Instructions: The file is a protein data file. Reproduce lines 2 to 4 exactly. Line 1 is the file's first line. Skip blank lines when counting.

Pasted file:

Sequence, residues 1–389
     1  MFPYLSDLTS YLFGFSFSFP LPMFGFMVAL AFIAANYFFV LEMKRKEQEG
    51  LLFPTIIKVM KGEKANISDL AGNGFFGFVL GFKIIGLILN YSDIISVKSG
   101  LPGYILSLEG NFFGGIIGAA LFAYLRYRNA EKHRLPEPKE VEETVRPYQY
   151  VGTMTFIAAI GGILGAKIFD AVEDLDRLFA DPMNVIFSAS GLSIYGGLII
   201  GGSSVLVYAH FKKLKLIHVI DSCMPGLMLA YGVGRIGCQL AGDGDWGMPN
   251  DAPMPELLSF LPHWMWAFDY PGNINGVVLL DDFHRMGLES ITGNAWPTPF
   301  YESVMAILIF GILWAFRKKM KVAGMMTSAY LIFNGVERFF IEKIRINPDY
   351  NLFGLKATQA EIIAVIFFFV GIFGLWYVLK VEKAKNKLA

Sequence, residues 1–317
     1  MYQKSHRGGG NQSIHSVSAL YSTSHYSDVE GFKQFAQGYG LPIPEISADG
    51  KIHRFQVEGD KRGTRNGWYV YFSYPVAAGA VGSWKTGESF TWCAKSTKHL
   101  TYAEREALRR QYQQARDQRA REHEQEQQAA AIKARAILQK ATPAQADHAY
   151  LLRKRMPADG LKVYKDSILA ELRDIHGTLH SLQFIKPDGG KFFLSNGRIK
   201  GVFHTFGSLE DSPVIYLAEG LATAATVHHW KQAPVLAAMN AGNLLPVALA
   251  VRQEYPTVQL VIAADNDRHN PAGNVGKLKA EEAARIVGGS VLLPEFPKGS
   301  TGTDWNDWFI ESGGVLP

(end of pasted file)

     1  MFPYLSDLTS YLFGFSFSFP LPMFGFMVAL AFIAANYFFV LEMKRKEQEG
    51  LLFPTIIKVM KGEKANISDL AGNGFFGFVL GFKIIGLILN YSDIISVKSG
   101  LPGYILSLEG NFFGGIIGAA LFAYLRYRNA EKHRLPEPKE VEETVRPYQY